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Primary localized cutaneous amyloidosis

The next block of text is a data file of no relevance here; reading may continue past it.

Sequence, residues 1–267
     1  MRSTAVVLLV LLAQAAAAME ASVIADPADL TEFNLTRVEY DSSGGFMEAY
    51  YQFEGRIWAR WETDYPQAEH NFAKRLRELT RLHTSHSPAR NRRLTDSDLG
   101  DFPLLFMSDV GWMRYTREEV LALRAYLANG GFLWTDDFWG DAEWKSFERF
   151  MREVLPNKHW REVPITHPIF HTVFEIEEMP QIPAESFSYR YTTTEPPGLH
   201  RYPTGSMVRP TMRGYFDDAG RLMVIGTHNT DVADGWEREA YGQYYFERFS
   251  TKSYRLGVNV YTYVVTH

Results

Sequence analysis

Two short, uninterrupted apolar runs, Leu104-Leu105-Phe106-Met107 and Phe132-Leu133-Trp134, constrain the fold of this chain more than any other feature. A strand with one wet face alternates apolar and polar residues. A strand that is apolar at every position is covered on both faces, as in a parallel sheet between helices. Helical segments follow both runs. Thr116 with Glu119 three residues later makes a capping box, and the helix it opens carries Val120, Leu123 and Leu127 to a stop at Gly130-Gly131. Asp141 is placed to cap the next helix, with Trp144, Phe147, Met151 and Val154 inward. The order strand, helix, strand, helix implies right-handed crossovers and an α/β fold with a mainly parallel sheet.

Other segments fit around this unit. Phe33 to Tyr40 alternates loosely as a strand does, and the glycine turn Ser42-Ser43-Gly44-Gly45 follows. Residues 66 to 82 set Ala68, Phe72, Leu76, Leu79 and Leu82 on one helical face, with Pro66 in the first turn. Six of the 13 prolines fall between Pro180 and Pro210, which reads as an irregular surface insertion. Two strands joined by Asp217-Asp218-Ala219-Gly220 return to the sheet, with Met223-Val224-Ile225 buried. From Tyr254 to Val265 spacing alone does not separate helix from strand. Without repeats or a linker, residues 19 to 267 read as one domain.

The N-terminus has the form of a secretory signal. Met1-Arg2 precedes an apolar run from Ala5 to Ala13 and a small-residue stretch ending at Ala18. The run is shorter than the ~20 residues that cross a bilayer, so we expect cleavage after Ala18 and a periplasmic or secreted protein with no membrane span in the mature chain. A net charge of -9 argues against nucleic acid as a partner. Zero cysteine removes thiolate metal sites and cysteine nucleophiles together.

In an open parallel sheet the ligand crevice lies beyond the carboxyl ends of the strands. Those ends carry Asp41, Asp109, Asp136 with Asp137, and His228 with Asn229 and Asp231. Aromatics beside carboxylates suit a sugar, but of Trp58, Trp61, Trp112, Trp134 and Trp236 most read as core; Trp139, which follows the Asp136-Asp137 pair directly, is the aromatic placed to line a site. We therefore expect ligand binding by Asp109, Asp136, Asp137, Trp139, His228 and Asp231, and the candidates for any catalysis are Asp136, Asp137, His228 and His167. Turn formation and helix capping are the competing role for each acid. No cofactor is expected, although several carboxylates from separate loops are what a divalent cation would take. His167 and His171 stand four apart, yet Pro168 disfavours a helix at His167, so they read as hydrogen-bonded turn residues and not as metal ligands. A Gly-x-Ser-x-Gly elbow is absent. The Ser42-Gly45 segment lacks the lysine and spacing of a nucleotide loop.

A 61-year-old man presented for evaluation of a bruise-like lesion of the right knee. He was found to have an ill-defined, light brown patch with focal areas of dark red and brown. The histopathologic diagnosis was consistent with amyloidosis. Further subtyping showed that the amyloid protein was AL (κ). A systemic evaluation failed to show internal involvement. Amyloidosis comprises a spectrum of diseases, which range from systemic to localized cutaneous types, and is characterized by the extracellular deposition of amyloidosis protein as beta-pleated sheets. The forms of amyloidosis are differentiated by the specific types of protein-derived amyloidosis fibers. Both nodular and primary systemic amyloidosis can present as nodules on the skin owing to deposition of AL type amyloid protein. Primary systemic amyloidosis, which carries a poorer prognosis than does nodular amyloidosis, also may give rise to ecchymoses and many other cutaneous and extracutaneous findings. Histopathologic features are similar in both cases and involve the deposition of amorphous, eosinophilic material in the dermis. Nodular amyloidosis may progress to primary systemic disease in up to 50% of cases. Because our patient had no systemic involvement and the lesions did not appear nodular in nature, the patient was given a diagnosis of primary localized AL cutaneous amyloidosis. Routine follow-up for this patient is necessary to detect any potential disease progression.

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